Christ the Prophet
We read in Hebrews the following: “Long ago, at many times and in many ways, God spoke to our fathers by the prophets; but in these last days he has spoken to us by his Son, whom he appointed the heir of all things, through whom also he created the world” (1:1-2). Whereas in the Old Testament, the Word of God came to certain designated messengers who were charged with preaching to the people of God, now the Word himself, by whom the Father “spoke” the universe into being, has become flesh and spoken to us face to face. Jesus Christ is not just a prophet bearing the message of another, as God he is also the originator of that message. Through him we encounter the perfect disclosure of the Father. As St. John writes, “No one has seen God at any time [but] the only-begotten Son, who is in the bosom of the Father, he has declared him” (John 1:18).1
During his earthly life, Jesus preached to the people by his own authority. His message of selfless love and mercy went beyond the requirements of the Torah. Rather than abolishing the Law of Moses, he filled it to overflowing, pointing us beyond the letter and to its spirit. As a teacher, Jesus often came down to the level of his audience, telling parables using familiar agricultural imagery. Yet when dealing with hypocritical religious authorities, his words were sharp, reminiscent of the Old Testament prophets. These hard sayings of Jesus continue to challenge the hearer and are meant to push us out of our comfort zone. Whether gentle or firm, the words of the Savior are a necessary balm intended to impel us towards salvation.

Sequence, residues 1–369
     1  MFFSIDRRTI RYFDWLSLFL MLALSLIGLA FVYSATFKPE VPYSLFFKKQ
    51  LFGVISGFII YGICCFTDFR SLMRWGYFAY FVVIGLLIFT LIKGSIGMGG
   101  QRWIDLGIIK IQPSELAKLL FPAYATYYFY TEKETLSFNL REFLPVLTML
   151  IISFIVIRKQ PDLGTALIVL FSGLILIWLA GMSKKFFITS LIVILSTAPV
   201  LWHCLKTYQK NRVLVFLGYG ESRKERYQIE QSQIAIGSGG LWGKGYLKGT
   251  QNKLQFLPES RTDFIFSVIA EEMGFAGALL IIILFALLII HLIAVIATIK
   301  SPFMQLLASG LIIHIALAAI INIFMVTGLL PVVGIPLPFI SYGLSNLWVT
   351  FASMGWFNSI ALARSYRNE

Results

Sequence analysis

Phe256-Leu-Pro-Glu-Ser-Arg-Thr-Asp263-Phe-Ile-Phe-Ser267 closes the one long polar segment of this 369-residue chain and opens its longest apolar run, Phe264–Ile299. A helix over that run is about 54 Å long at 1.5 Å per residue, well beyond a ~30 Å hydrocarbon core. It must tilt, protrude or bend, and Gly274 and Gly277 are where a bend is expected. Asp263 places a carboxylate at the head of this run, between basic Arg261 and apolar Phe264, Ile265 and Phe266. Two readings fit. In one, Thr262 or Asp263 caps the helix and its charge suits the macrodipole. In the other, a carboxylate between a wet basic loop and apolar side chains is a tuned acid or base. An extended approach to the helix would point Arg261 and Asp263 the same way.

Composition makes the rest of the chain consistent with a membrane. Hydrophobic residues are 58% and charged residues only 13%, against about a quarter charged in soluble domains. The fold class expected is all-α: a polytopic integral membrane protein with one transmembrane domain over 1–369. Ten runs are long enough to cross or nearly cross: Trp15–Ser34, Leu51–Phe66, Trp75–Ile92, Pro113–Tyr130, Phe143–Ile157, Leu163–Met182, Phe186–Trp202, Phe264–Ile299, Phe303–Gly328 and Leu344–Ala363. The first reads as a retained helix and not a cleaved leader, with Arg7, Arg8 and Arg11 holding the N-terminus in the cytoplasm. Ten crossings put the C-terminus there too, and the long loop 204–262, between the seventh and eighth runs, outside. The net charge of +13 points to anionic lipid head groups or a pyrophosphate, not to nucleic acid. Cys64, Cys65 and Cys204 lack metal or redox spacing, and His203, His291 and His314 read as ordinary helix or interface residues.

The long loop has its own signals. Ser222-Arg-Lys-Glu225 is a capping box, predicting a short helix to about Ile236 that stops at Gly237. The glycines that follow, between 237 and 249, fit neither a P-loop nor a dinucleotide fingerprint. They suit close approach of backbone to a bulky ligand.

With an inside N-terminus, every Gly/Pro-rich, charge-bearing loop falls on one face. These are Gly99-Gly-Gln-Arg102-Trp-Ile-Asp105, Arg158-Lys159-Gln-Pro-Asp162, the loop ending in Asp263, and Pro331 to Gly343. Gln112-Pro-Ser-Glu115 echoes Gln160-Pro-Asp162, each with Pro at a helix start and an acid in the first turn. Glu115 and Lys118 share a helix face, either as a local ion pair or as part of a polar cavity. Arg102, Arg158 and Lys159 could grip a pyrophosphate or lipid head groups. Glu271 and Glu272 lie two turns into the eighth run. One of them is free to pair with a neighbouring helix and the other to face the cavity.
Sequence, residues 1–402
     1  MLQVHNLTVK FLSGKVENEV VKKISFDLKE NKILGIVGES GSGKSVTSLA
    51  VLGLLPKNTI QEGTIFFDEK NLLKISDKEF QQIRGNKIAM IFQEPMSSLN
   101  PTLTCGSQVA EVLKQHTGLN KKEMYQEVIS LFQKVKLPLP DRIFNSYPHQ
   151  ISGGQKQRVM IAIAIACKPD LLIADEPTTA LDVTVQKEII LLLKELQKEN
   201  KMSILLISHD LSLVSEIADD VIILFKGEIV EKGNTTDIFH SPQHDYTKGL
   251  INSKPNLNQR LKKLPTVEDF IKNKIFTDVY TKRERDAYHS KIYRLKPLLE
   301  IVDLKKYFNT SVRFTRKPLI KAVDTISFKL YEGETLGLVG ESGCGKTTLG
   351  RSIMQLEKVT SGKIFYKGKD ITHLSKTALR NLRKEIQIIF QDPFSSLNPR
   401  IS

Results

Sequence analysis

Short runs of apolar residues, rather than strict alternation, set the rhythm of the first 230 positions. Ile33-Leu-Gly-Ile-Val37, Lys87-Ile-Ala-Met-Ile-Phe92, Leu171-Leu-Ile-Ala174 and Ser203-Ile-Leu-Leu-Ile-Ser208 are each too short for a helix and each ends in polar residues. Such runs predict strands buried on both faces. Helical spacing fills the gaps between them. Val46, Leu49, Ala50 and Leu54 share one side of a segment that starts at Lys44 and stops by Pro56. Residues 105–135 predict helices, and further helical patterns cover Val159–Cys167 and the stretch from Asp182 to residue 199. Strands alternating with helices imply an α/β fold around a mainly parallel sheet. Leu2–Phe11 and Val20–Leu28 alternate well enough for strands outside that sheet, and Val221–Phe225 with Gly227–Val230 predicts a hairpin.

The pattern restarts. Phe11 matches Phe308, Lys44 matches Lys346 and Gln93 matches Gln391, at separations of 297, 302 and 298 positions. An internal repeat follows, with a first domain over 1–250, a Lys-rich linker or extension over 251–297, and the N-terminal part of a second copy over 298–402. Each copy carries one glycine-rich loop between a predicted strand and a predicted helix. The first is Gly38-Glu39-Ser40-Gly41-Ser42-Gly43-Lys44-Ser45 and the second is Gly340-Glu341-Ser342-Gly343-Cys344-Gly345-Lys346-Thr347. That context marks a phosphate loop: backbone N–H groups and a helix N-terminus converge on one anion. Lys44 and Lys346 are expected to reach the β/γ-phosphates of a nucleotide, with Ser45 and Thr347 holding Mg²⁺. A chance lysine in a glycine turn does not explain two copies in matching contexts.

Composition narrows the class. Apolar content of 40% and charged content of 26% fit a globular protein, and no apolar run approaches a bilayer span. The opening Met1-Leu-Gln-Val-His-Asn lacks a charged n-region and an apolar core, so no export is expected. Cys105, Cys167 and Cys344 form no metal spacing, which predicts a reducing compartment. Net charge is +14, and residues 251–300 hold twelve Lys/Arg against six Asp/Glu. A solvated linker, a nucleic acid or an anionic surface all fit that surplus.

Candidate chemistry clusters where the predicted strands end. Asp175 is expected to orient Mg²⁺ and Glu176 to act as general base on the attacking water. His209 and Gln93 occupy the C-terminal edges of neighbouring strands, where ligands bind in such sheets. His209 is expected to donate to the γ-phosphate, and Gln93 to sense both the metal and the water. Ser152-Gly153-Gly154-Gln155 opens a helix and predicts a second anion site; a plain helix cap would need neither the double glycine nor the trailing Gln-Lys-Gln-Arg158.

With the advent of the Messiah, we enter into the fullness of God’s plan for man. He raised up Adam and Eve so that in, in them, we may be restored to our true purpose. And by sending the Holy Spirit upon his disciples, he enabled them to understand and live by the “law of the Spirit” (Rom 8:2) which is now written upon the heart of each one of the faithful (see Jer 31:33). This signifies a radical change in life as he or she passes-over from slavery to freedom, from death to life, from darkness to light. The proclamation of our redemption therefore is “good news” (gospel), the only message worthy of spreading to the four ends of the earth. Our encounter with the incarnate “Word of life” (1 John 1:1) through our experience in his body—the Church—is a continuation of the words and works of our Lord, which are carried forth by the lips of his people.
The word translated “declared” in John 1:18 is exēgēsato, from which the English word “exegesis” (meaning “to interpret”) derives. So, the Son of God has literally “exegeted” the Father. In other words, we only know the Father as revealed through his Son. ↩